The above examples show how by singling out denotative and connotative components one can get a sufficiently clear picture of what the word really means. The schemes presenting the semantic structures of glare, shiver, shudder also show that a meaning can have two or more connotative components.
The given examples do not exhaust all the types of connotations but present only a few: emotive, evaluative connotations, and also connotations of duration and of cause. (For a more detailed classification of connotative components of a meaning, see Ch. 10.)
Meaning and Context
In the beginning of the paragraph entitled "Polysemy" we discussed the advantages and disadvantages of this linguistic phenomenon. One of the most important "drawbacks" of polysemantic words is that there is sometimes a chance of misunderstanding when a word is used in a certain meaning but accepted by a listener or reader in another. It is only natural that such cases provide stuff of which jokes are made, such as the ones that follow:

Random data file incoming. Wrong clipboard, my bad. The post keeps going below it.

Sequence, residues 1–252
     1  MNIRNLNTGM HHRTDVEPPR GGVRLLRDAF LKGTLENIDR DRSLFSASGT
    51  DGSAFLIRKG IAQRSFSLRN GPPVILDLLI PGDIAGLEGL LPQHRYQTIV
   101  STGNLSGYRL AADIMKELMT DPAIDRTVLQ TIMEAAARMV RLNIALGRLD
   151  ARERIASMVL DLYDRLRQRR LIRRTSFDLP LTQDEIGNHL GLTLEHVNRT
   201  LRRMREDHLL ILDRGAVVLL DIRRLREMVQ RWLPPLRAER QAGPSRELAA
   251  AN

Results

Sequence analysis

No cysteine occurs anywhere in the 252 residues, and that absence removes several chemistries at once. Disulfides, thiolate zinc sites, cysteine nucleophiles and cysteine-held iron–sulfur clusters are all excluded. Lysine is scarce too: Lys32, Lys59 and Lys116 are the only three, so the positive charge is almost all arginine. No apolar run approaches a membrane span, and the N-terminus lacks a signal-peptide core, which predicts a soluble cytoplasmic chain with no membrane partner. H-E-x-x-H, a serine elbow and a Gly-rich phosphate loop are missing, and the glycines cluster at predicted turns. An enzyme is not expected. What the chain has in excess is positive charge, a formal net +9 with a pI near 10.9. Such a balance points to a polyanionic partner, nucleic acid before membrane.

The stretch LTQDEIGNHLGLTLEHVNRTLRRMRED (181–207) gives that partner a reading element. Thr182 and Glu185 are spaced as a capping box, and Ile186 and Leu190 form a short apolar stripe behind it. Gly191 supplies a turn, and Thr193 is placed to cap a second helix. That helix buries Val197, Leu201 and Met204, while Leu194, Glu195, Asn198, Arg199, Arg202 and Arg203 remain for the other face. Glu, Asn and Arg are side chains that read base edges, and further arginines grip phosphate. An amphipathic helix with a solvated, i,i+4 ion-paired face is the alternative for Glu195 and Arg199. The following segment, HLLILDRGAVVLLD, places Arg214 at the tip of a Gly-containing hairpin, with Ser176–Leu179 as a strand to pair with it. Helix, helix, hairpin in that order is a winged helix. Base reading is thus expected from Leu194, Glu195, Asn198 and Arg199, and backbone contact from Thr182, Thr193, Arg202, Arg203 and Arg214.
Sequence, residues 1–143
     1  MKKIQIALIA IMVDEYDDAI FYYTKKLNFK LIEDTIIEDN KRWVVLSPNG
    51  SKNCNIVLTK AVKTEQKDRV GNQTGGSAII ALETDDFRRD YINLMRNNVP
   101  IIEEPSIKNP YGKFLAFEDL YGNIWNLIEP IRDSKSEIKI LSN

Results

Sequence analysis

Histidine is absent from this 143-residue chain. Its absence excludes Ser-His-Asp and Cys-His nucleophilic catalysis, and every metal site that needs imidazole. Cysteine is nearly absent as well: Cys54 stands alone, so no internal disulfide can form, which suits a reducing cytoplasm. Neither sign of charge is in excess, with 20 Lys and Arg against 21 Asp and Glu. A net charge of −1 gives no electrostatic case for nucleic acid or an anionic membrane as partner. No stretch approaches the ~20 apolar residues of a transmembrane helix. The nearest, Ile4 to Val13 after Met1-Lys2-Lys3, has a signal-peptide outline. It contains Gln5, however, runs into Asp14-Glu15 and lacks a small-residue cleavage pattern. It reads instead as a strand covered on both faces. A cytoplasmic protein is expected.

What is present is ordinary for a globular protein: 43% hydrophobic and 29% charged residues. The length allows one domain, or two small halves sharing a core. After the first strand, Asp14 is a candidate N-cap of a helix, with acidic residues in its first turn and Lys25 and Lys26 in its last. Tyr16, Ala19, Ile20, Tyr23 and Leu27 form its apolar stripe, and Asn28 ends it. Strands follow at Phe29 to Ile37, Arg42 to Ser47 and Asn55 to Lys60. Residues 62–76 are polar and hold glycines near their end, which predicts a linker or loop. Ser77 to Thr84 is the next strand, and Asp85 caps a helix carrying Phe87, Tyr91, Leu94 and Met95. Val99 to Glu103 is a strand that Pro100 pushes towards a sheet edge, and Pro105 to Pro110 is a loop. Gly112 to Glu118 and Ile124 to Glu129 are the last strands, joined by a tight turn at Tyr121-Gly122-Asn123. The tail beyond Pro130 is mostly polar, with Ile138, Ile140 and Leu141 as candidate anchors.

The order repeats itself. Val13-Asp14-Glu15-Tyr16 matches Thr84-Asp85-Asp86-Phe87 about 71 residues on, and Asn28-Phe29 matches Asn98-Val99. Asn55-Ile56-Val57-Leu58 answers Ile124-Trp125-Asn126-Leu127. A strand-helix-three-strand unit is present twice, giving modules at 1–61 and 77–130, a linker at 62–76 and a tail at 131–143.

Customer. I would like a book, please. Bookseller. Something light? Customer. That doesn't matter. I have my car with me.
In this conversation the customer is honestly misled by the polysemy of the adjective light taking it in the literal sense whereas the bookseller uses the word in its figurative meaning "not serious; entertaining".
In the following joke one of the speakers pretends to misunderstand his interlocutor basing his angry retort on the polysemy of the noun kick:
The critic started to leave in the middle of the second act of the play.